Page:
“Might I have a word with you, Anttoni? Outside.” Anttoni shrugged and walked outside. No stars were in sight.

“So Anttoni, did you ever wonder about this particular dig?”

“Not particulary. Someone pays, we dig. I do hate this place, though. It’s like this wood was abandoned before the God was Forgotten.”

Hardestadt snorted. “Ever been on a dig where you are escorted by fifty dragoons, paid for by the Lords of War? Those elven bastards. I’d bet you that they’re the ones funding this. And I don’t like this.”

“Why?” Anttoni asked.

“Well. Most of the time when we dig, we have something in mind. For instance, are these rocks actually a wall from an Old Empire-era building, which might mean something, historically. This time around, we got a map. A map that says there’s a vault somewhere in this particular bit of ruin. To me, it feels more like a looting expedition. And there’s the thing with the dragoons.”

“What thing?”

“Oh by — Anttoni, you are sometimes too thick. Why would we have fifty dragoons around the dig if there wasn’t something dangerous down there? There’s no one living in these lands, and we do not need fifty dragoons to deal with an orc raid or an owlbear. This is what bothers me.”

“All right, Hardestadt. I get it. And I do agree now. It’s this damned place that makes me feel like I can’t think at all. As Expedition Head, I’d say we do like this: lets give it until the end of the week, if we find nothing — which by now I hope we don’t — we bugger off back to the coast and head back to the Academy. It’s not as if we ever paid a refund.”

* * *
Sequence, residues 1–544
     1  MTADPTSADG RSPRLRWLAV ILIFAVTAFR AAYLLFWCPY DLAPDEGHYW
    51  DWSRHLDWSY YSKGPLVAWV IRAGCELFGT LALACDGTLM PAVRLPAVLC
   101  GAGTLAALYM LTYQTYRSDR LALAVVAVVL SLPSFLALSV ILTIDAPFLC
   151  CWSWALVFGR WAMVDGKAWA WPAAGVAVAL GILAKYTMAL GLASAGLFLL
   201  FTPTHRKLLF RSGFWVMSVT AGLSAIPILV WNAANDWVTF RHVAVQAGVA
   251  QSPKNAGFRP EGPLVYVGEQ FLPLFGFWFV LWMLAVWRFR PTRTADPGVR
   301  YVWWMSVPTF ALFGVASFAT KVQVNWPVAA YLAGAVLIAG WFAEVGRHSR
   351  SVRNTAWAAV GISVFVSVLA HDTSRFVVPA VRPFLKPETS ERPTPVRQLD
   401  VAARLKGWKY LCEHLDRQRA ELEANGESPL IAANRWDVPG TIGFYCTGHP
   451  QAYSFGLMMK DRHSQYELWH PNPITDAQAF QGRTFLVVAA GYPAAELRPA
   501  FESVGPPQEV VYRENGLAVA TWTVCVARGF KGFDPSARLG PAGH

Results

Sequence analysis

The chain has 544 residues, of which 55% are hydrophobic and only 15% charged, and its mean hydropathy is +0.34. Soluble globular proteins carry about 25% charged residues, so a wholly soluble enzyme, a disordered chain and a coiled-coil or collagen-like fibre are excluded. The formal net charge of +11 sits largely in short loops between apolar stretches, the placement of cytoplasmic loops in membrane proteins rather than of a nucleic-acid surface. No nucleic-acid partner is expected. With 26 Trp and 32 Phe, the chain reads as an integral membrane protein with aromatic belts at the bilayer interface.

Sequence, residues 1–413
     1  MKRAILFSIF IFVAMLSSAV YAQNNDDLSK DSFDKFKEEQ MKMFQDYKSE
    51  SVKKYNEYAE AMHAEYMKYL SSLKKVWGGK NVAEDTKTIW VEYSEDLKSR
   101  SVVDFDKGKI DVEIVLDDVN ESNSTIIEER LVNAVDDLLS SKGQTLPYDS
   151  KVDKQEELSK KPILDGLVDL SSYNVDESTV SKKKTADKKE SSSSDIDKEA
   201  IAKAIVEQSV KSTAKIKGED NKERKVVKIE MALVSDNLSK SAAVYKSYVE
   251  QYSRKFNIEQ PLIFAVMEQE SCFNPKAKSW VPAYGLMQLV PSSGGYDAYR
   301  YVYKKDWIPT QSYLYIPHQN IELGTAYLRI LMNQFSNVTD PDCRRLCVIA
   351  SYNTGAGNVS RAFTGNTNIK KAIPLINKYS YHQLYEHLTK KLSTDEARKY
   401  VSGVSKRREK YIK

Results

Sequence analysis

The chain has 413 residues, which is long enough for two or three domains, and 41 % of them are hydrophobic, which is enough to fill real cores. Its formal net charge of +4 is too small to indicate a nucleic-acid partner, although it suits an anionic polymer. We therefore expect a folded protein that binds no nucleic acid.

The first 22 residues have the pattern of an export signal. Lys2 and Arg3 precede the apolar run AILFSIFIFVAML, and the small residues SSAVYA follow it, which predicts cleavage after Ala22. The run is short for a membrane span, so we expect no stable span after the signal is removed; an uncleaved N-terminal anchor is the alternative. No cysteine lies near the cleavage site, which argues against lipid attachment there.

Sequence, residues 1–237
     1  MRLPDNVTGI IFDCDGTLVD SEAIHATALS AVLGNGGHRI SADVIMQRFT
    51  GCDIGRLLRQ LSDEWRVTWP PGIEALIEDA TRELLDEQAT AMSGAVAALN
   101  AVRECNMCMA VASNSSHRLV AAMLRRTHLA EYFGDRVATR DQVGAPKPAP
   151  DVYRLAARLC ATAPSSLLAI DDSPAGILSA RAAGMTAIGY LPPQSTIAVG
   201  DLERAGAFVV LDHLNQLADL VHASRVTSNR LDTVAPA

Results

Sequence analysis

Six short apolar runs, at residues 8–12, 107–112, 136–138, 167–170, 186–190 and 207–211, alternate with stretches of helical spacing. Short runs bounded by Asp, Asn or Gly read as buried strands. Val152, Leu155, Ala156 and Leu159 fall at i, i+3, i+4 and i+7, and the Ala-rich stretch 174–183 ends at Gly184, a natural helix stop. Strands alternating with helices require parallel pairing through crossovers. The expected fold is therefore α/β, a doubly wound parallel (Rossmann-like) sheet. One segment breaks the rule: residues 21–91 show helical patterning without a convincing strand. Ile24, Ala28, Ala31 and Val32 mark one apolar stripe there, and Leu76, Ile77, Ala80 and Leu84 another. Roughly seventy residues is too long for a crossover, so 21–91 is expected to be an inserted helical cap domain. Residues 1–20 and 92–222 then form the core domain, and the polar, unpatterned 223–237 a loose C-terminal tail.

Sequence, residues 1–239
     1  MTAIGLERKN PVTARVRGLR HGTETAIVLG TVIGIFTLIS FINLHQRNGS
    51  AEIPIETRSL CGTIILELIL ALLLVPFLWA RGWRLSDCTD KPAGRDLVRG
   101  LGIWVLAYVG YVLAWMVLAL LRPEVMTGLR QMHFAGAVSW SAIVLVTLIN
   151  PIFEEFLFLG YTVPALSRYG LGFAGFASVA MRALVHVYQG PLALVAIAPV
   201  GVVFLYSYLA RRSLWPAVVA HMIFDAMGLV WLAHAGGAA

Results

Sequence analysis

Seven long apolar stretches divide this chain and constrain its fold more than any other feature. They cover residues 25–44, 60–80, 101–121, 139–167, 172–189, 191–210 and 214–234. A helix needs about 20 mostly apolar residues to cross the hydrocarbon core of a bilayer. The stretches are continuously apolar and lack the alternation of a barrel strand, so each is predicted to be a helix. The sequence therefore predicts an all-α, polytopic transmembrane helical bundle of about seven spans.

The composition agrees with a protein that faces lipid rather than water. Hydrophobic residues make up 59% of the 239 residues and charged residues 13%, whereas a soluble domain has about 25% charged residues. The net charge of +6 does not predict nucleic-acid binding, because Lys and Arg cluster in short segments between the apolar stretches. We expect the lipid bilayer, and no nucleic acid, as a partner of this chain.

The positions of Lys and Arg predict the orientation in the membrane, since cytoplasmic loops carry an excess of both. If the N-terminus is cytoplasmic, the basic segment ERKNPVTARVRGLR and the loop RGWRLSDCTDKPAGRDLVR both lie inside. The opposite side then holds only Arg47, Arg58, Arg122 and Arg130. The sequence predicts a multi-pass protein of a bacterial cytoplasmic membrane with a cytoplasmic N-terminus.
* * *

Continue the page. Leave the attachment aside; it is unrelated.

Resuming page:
Hardestadt nodded and grabbed the mug of bitter and took a swig. “Yes, let’s do that.”

It was the last day of the dig. Anttoni was sitting on a large stone, shivering from the cold, looking down into the pit. So far, his prognosis had been true. The only thing they had found next to the old ruined wall that seemed to go deep into the earth was rubble. Hardestadt was down in the pit, supervising the diggers with a pipe in his hand. Anttoni drifted off into thought for a bit. Shutting this down was, by all means, justifiable. There wasn’t enough provisions anyway to continue, and the Academy did want to turn a profit with these sponsored digs. Then he heard a sound.

“Oh, bugger.” said Hardestadt. Anttoni looked down again and froze.

A part of the wall had collapsed, revealing a large stone slab of green stone. Into the green stone, someone had cut a relief. It portrayed a large creature with far too many arms and legs and eyes, rising out from a crack in the earth. It seemed like it was moving, ever so slowly.

One of the dragoons saw it and shouted to the other dragoons. The long elven captain spoke.

“All right, open that up.” Her tone was, to put it mildly, extremely worrying.

“No. I know what that is.” said Hardestadt, who was backing away.

“Very well. We will do it ourselves.” When she said this, the dragoons started unslinging their muskets, cocking them in a manner that didn’t leave much to debate. “You, stay here.”

Hardestadt didn’t pay her much mind, but quickly ascended a ladder out of the pit and jogged to Anttoni. The diggers seemed confused at this turn of events.